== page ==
I started at Consett works on the 3rd of September 1979, as an
apprentice plater (I have photos of the intake). Although there was
always rumours of the works closing, we were all very up-beat and
grateful that we had managed to get a job in a very difficult jobs
The early days were also complicated by the national steel
strike which took place early in 1980. We, as apprentices, did not have to go out on strike, but we had to walk through the lines of pickets every morning stood at the entrance gates.
Soon after the end of the strike it was announced the Consett works would close and we went through a period of great uncertainty, wondering if we had a job and what the future held for us. Eventually we found out that our intake would be kept on, and transferred to a rolling mill at Jarrow to complete the remaining time of our apprenticeship.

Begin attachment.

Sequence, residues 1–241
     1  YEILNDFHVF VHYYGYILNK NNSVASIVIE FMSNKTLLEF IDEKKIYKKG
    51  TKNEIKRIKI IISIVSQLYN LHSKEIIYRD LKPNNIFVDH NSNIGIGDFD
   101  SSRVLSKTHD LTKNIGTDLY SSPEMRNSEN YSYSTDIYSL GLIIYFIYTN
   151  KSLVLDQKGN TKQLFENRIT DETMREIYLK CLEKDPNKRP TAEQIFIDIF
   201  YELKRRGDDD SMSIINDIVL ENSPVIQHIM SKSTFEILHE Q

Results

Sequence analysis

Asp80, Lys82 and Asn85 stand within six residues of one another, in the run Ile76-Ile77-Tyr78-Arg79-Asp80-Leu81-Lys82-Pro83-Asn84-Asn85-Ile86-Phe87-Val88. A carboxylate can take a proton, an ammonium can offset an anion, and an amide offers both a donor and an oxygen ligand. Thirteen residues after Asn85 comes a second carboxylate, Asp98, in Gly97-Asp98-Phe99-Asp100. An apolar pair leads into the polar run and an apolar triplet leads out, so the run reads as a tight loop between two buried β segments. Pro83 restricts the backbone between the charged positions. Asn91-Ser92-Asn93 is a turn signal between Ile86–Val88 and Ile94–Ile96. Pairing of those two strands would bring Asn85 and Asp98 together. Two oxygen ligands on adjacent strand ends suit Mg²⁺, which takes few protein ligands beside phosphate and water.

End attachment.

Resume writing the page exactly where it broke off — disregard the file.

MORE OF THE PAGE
We stayed at Consett for a while after production had ceased, and got to travel around the works and see the place in its sad shut down state. Living and going out in Consett brought mixed emotions as many of our friends who had work at Consett in production jobs , now were buying new cars, holidays and had pockets full of cash with their redundancy while we were still apprentices earning about £25 a week!
We then transferred to Jarrow to complete our apprenticeship (have photos of last day at Consett) and from then I transferred to Teesside, where I am today, still making Steel.
This is a very brief insight, feel free to ring me and I can give more detail.
Gerard Smith sent via email.